A3: Barriers include a lack of #qualityjobs with good wages and benefits. Plus #Discrimination based on #age, #gender, #race. New AI-based hiring technologies may compound challenges. #FundWorkforceEquity
— Maria Heidkamp (@MariaHeidkamp) May 26, 2021
#equity work doesn’t end with workforce development organizations – employers need to center equity in THEIR processes, sourcing, and #upskilling efforts to ensure talent has not just access, but opportunity #fundworkforceequity https://t.co/0VFMlSasq2
— Danielle Vetter (@better_vetter) May 26, 2021
The Center for Workforce Inclusion, an organization that helps older, low-income people secure jobs, says this population is often overlooked when it comes to employment.
Q3: Ageism impacts all aspects of economic opportunity for older adults, especially those working to overcome the cumulative impact of a lifetime of systemic racism and sexism. Grantmakers can lead the way to equitable access and support. #FundWorkforceEquity #racialequity
— Center for Workforce Inclusion (@WorkforceINCL) May 26, 2021
Advance CTE, a nonprofit that represents state CTE directors and state leaders of career and technical education, says the pandemic has created significant hardship on learners. The organization tweets funders, policymakers, and educators must address equity issues before launching programs.
Stakeholder engagement is vital to the design of programs of study, learning standards and classroom-based curriculum that prepare vulnerable populations to enter into the workforce. Explore state strategies: https://t.co/uUfRR4B3hi (2/3) #FundWorkforceEquity
— Advance CTE (@CTEWorks) May 26, 2021
Bishara Addison is director of job preparation for Fund Our Economic Future, a funding alliance focused on economic growth and equitable access in northeast Ohio. She notes collaboration with providers and attention to funders’ internal retention are important issues.
A4: Funding orgs to play their role in the ecosystem well. Investing in staff compensation to attract and keep the right talent. Trusting frontline #wkdev professionals, treating them like the experts they are. + flexible funding for provider collaboration. #FundWorkforceEquity
— Bishara W Addison (@BisharaAddison) May 26, 2021
A4: Speaking of resources, @WorldEdServices is looking for ideas to build more equitable employer practices. We want to meet proximate organizations from #immigrant and #BIPOC communities that center #workers + have a systems mindset https://t.co/OSRPJHYouh #FundWorkforceEquity pic.twitter.com/JCC1nGnAtw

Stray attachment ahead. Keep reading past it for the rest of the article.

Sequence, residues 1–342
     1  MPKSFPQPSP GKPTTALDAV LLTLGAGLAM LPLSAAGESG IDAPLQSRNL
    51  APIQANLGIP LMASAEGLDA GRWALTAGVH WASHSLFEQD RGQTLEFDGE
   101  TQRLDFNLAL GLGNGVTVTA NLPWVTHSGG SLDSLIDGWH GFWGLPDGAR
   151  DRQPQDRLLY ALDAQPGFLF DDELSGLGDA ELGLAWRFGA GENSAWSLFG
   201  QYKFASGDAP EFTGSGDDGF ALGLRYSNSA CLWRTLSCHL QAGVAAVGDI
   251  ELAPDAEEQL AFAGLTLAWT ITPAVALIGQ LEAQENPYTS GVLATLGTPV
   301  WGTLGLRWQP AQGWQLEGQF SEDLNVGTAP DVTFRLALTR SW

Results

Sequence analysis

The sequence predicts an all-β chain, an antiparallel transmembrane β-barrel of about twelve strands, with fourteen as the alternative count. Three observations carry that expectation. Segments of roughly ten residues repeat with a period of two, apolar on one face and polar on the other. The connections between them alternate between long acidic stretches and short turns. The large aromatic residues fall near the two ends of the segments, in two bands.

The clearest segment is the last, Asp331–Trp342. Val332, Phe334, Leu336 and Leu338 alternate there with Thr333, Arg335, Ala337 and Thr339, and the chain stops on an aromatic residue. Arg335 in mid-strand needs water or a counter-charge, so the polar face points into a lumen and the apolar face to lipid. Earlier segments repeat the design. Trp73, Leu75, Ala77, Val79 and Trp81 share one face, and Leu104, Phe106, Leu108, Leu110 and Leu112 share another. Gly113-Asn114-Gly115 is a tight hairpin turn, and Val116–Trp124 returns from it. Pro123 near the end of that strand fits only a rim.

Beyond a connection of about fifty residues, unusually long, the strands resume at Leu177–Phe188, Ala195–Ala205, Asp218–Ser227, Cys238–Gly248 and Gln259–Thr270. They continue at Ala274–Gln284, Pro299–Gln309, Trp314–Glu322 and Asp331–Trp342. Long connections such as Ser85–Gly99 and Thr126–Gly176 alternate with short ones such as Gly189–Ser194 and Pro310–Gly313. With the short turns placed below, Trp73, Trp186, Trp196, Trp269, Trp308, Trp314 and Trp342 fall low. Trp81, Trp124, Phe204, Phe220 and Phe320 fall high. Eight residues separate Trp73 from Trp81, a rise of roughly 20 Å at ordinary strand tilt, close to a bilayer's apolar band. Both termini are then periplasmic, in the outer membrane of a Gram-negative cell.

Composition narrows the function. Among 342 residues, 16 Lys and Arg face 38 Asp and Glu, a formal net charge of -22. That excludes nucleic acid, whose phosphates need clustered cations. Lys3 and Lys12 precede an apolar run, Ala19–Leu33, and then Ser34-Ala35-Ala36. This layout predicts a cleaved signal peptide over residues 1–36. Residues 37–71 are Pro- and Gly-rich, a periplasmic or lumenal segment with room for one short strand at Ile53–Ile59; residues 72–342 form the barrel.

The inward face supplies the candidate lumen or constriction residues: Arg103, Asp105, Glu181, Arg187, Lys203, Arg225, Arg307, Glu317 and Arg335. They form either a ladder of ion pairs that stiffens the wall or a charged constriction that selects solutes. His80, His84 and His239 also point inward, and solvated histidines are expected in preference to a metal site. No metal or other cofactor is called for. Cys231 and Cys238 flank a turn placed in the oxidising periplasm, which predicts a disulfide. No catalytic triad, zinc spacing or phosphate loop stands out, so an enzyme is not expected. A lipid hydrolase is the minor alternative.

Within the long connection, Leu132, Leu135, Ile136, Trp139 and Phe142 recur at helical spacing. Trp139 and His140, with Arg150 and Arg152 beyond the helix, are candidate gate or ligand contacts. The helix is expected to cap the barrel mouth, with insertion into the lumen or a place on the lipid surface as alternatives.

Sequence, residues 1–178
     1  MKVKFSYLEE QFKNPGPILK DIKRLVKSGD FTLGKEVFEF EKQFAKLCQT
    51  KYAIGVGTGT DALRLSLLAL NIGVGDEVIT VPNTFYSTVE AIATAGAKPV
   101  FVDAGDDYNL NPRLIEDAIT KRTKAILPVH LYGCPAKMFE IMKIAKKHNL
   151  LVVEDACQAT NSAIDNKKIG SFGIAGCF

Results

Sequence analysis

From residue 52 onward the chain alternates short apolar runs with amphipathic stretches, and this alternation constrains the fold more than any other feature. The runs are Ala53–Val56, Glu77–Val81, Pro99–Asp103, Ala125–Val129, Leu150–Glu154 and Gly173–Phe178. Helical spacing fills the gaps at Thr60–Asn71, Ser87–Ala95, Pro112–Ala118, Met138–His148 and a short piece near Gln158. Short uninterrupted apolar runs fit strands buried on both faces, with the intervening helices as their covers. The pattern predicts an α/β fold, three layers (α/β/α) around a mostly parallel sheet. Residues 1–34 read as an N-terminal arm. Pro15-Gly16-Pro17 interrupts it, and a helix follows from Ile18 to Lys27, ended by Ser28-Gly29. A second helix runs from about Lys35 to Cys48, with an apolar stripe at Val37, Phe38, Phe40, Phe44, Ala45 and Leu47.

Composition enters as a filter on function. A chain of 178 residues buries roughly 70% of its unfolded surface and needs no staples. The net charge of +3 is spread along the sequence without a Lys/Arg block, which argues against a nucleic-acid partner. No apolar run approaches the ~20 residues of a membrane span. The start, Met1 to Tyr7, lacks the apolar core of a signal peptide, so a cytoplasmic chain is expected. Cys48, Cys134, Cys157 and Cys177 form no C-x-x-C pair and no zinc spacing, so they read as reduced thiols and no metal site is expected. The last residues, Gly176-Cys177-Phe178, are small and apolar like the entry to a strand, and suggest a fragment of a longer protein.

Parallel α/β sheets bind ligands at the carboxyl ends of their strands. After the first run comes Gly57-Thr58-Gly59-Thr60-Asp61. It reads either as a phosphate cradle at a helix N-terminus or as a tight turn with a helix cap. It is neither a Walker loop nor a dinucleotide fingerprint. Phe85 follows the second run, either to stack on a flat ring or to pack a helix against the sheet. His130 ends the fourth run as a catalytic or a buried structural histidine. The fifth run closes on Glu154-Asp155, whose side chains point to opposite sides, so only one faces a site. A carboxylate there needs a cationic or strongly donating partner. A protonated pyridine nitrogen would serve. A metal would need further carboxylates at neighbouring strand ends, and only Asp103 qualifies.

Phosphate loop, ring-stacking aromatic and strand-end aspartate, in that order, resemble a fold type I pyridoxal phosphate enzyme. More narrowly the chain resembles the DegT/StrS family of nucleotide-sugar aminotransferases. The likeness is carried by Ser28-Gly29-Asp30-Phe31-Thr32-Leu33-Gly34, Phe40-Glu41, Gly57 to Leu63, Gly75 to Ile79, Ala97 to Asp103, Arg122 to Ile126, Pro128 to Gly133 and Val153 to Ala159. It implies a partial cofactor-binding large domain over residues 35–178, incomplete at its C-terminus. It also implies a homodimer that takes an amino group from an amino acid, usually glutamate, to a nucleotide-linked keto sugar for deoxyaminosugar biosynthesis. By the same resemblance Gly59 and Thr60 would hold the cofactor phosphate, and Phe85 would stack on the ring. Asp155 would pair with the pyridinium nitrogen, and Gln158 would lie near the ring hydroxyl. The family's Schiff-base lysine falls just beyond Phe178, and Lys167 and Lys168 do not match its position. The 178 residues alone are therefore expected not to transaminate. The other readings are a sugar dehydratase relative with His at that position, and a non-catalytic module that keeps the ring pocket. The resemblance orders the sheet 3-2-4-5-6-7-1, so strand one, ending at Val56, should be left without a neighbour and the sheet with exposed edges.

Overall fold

— Monica Munn (@MonicaKMunn) May 26, 2021
Social Finance, a nonprofit organization that mobilizes capital to drive social progress, is expanding a program for people who often face barriers getting into the workforce.
A5 1/2: Our $40-50M #UPFund is scaling a portfolio of #CareerImpactBonds across the country to expand access to career training for people who face barriers to education and employment, whether it’s low income, criminal justice involvement, immigration status #FundWorkforceEquity
— Social Finance (@SocialFinanceUS) May 26, 2021
Results for America, an organization that utilizes evidence and data to help governments determine solutions, shares how consolidating data is streamlining workforce services.
A5: (4/4) Linking #workforce data across 9️⃣ agencies in Virginia to give job seekers a single point of entry for all #workforce services and to build a more #evidence-driven workforce system #FundWorkforceEquity https://t.co/aYqg5YeOXW
— Results for America (@Results4America) May 26, 2021
New Profit is a venture philanthropy organization that supports social entrepreneurs who are advancing equity and opportunity. One of the organization’s initiatives, powered by XPRIZE, MIT Solve, and JFF, forging partnerships to implement solutions.
A5. Through the #FutureOfWork Grand Challenge, we are elevating innovative #wkdev solutions and testing/evaluating in close partnership with workforce development boards and job centers across the country. #FundWorkforceEquity (https://t.co/hhkqOncwlc) https://t.co/m7WJ5LoFwz
— New Profit (@newprofit) May 26, 2021
Just from this small sampling, you can see there’s plenty of innovative thinking to digest in this chat. And it’s not too late to chime in.
Go to Twitter using the hashtag #FundWorkforceEquity. Let’s keep the conversation going.